This offering orients the individual to the functions and major principles of instructional supervision. Attention is devoted to the critical examination of current research and publications about effective supervisory behavior. Models for supervision are introduced and emphasized within the framework for improving teaching performance and its impact on student achievement. Appropriate strategies for developing and implementing supervisory programs are stressed.
This course is designed to give the participants a background in the planning, designing, and implementation of various curriculum and educational programs.
As leaders deal with the issue of effecting dynamic change, they will need to consider various processes and strategies: 1) professional learning and support for staff; 2) distributed leadership and democratic community; 3) fostering collaborative cultures; 4) supporting change processes and transitions. Embedded in these approaches and strategies is the understanding of levels of change cycle development; key ideas from change theory; stages of concern and the complexity of change. Addressing these processes and strategies is the focus of the course.
This course provides the internship experience requirement for the master’s program in Ontario. Candidates will complete 300 internship hours. The course includes seminar sessions throughout the internship. The internship experiences are aligned with the program standards set out by the Educational Leadership Constituent Council.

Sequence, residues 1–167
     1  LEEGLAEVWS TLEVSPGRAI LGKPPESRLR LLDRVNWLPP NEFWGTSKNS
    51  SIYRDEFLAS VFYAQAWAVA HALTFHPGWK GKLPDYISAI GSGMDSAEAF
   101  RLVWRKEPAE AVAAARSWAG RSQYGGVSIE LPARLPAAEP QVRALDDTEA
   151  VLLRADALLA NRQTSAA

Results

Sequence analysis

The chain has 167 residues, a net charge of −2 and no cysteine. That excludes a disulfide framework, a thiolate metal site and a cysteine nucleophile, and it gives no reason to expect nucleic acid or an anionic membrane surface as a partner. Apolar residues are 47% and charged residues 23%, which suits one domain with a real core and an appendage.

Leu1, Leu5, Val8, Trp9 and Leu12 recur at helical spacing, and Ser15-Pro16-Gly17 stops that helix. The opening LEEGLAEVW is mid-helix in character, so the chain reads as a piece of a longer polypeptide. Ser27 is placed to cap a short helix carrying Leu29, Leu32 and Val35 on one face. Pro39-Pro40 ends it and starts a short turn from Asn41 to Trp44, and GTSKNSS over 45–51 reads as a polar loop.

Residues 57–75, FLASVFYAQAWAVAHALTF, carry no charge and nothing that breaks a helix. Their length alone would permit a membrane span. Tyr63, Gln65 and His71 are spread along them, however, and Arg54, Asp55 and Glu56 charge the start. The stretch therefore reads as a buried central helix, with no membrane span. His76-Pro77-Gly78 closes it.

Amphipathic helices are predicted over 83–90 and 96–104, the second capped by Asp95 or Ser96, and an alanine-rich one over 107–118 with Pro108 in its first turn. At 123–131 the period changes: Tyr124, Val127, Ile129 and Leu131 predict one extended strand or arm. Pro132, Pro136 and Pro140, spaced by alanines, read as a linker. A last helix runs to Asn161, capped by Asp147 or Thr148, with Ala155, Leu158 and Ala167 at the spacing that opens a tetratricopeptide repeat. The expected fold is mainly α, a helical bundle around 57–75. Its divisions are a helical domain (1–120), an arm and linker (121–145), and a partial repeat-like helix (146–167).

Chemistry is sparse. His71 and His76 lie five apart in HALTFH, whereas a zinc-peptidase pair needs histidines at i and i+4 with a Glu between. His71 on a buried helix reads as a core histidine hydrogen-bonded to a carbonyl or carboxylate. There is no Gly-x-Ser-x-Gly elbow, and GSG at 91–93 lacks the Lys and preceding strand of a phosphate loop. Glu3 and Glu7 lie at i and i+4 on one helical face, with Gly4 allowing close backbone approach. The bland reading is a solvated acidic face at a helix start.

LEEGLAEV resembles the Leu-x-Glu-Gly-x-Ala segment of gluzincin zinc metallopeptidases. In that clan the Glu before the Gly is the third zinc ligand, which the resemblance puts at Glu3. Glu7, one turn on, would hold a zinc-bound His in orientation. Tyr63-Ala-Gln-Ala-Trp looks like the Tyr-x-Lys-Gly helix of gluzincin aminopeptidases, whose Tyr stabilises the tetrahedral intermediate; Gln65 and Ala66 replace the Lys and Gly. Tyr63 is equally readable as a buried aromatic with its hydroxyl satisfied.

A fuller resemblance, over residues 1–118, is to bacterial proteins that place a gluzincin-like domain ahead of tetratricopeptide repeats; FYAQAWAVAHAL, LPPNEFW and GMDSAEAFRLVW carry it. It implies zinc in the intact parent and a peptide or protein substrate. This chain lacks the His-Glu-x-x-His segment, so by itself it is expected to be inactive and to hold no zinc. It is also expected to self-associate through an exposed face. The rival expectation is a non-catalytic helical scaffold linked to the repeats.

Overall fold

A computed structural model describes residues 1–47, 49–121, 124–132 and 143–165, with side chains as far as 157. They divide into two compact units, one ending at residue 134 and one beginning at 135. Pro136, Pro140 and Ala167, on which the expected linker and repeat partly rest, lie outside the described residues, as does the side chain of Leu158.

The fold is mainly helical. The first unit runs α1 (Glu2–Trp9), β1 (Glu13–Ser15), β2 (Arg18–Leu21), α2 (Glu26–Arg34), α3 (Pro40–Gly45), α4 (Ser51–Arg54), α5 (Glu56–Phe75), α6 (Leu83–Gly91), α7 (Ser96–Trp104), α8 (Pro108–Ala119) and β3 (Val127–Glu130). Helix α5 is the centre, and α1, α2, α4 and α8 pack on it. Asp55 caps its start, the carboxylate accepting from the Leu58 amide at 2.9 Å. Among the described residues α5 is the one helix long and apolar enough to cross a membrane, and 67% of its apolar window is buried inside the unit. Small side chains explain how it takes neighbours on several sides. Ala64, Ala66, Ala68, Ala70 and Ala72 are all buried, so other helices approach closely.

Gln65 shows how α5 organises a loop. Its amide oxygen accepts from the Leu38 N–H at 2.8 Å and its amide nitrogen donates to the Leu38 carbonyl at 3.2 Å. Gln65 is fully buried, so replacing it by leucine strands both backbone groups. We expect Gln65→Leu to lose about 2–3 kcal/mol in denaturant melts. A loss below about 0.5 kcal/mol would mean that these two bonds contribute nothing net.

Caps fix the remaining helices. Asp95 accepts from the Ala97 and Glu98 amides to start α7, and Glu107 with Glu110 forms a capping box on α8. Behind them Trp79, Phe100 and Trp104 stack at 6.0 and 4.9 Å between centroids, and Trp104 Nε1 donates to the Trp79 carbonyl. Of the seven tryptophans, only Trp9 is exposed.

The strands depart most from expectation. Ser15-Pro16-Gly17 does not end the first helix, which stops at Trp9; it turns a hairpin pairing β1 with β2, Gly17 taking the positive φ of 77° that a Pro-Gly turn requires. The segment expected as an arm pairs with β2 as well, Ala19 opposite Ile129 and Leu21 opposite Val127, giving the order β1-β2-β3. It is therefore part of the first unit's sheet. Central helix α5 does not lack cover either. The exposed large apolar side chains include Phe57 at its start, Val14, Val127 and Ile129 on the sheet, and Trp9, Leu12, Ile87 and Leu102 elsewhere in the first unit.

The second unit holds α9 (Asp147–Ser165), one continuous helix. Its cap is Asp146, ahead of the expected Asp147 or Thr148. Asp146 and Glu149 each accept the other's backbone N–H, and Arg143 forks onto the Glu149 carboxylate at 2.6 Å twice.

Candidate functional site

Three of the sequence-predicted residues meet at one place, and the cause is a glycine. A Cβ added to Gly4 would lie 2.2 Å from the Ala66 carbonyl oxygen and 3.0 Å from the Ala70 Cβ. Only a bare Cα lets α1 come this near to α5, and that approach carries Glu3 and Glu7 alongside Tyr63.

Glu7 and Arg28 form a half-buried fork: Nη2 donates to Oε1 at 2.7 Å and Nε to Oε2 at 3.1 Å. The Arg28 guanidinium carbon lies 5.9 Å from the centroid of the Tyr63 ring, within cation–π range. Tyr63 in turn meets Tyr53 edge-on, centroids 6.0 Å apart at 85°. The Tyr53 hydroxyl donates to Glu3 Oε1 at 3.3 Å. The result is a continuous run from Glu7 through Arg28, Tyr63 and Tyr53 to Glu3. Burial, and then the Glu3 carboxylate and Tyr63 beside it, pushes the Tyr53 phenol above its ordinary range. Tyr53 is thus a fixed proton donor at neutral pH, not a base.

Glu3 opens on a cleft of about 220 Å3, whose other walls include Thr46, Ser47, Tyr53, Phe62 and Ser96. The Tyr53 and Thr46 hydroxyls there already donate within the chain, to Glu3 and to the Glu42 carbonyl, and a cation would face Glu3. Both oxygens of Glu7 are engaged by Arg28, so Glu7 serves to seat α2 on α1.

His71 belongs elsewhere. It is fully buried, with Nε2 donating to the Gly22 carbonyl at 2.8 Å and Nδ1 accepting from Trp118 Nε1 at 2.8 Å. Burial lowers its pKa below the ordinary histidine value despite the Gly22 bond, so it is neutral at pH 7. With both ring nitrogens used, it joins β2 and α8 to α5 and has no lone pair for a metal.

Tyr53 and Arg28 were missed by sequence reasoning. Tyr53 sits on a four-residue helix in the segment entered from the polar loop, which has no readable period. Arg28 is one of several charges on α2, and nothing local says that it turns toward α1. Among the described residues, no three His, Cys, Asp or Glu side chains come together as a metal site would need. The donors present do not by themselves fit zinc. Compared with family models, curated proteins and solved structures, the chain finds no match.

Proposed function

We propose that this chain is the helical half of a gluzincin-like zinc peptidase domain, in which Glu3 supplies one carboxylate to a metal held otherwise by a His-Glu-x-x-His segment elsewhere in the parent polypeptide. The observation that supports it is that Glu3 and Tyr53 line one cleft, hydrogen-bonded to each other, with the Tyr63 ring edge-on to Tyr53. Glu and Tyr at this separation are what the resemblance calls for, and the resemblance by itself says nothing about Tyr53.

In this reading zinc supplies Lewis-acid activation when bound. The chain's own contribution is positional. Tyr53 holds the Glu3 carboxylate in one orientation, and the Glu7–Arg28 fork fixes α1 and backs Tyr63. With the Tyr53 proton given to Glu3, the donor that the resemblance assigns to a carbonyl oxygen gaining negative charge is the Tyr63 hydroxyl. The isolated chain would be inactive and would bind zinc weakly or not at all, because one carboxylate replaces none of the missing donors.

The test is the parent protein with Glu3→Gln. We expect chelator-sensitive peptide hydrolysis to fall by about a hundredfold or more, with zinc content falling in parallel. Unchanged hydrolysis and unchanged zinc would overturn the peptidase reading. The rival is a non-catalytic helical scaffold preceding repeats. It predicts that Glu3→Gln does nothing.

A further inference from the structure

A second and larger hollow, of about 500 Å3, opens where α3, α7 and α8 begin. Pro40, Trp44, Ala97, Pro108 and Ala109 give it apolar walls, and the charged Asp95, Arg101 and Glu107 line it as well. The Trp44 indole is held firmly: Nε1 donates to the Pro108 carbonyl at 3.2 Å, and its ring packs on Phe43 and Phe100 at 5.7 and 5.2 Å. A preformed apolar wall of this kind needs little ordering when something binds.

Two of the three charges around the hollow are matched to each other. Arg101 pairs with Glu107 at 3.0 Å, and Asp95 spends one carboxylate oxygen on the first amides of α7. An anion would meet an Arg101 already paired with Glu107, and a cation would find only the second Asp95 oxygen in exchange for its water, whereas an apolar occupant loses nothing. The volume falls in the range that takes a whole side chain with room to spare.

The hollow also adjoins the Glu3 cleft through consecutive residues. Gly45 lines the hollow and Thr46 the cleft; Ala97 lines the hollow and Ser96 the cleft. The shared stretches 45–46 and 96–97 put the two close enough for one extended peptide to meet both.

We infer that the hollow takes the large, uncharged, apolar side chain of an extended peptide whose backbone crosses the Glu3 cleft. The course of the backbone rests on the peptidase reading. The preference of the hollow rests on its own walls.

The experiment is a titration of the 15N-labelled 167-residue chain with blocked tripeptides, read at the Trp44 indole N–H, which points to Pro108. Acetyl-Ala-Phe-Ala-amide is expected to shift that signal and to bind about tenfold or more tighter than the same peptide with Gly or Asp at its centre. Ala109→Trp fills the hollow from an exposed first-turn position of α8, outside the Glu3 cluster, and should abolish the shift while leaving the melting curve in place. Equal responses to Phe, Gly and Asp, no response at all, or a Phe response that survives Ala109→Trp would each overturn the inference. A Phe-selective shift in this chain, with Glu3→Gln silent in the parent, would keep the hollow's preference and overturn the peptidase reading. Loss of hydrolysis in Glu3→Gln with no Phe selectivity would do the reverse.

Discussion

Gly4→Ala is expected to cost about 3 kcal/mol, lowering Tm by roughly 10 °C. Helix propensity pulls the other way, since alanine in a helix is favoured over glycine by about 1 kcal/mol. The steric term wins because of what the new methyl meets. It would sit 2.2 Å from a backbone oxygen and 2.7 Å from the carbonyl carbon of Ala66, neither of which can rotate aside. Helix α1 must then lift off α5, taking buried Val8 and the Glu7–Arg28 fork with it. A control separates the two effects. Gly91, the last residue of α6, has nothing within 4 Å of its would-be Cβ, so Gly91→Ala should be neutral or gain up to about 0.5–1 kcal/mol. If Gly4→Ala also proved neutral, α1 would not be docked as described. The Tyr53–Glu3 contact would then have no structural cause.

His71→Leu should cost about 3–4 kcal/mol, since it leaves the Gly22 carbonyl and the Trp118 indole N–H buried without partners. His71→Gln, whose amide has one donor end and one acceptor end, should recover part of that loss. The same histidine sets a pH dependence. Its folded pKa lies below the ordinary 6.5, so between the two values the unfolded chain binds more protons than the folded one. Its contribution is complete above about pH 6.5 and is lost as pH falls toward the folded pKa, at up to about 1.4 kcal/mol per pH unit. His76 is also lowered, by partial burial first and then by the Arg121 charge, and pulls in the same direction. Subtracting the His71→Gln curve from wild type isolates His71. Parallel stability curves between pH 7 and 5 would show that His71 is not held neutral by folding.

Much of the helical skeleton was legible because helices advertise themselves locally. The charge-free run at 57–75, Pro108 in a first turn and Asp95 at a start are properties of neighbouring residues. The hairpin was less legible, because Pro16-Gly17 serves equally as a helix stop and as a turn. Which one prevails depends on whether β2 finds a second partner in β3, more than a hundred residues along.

Each candidate’s prior acquired knowledge from program courses and applied field experiences in the Educational Research program will provide the base for research study, application and writing for this course. Candidates will work with a graduate professor on an individual basis. Candidates will study advanced research concepts, processes and approaches necessary to bring an investigation to a successful completion and subsequent publication. This course requires permission of instructor.
While you are welcome to do original research for this course, you are strongly encouraged to work with an existing course assignment, and using this course to critically analyze it and revise it for publication. The course is structured to allow you to go through this reflective process of revision in collaboration with your peers.
As leaders deal with the issue of effecting dynamic change, they will need to consider four strategies: 1) training and support for staff; 2) realigning formal roles and relationships; 3) establishing collaborative cultures; 4) providing transition rituals. Embedded in these strategies is the understanding of levels of change cycle development; key ideas from change theory; stages of concern and the complexity of change. Addressing these strategies is the focus of the course.
This course will consider social structures operating within a community. Principles and techniques of working with school personnel, organizations and members of the community will be the focus of the course with a view to promoting better public relations.
The seminars/issues in Educational Leadership will focus on a single concept in leadership which is current in the field and not addressed in depth in other Educational Leadership courses. The topic of the seminars will be determined by the Educational Leadership Department. This course, Administering Special Education Programs, will focus on the role of the administrator in the implementation of the various legislations and policies in Ontario which impact on the provision of educational programs and services on behalf of students with special education needs. The course includes an in-depth review of the legislation and policies with respect to special education from the perspective of the administrator’s role; building positive partnerships with parents and advocates; creating and managing the school support team; and an exploration of “best practices” with respect to supporting students in their quest for educational success.